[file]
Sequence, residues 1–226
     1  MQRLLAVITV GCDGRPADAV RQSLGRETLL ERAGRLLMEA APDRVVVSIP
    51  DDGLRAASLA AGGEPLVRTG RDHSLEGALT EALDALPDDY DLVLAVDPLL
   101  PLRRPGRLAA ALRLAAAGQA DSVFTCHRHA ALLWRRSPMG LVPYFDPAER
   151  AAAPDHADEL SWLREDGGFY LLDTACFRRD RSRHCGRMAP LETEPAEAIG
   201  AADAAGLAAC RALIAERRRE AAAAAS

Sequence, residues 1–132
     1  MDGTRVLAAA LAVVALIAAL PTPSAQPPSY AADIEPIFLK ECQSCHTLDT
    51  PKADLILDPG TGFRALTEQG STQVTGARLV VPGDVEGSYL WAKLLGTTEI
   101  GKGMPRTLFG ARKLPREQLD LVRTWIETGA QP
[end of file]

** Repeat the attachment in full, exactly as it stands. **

Sequence, residues 1–226
     1  MQRLLAVITV GCDGRPADAV RQSLGRETLL ERAGRLLMEA APDRVVVSIP
    51  DDGLRAASLA AGGEPLVRTG RDHSLEGALT EALDALPDDY DLVLAVDPLL
   101  PLRRPGRLAA ALRLAAAGQA DSVFTCHRHA ALLWRRSPMG LVPYFDPAER
   151  AAAPDHADEL SWLREDGGFY LLDTACFRRD RSRHCGRMAP LETEPAEAIG
   201  AADAAGLAAC RALIAERRRE AAAAAS

Sequence, residues 1–132
     1  MDGTRVLAAA LAVVALIAAL PTPSAQPPSY AADIEPIFLK ECQSCHTLDT
    51  PKADLILDPG TGFRALTEQG STQVTGARLV VPGDVEGSYL WAKLLGTTEI
   101  GKGMPRTLFG ARKLPREQLD LVRTWIETGA QP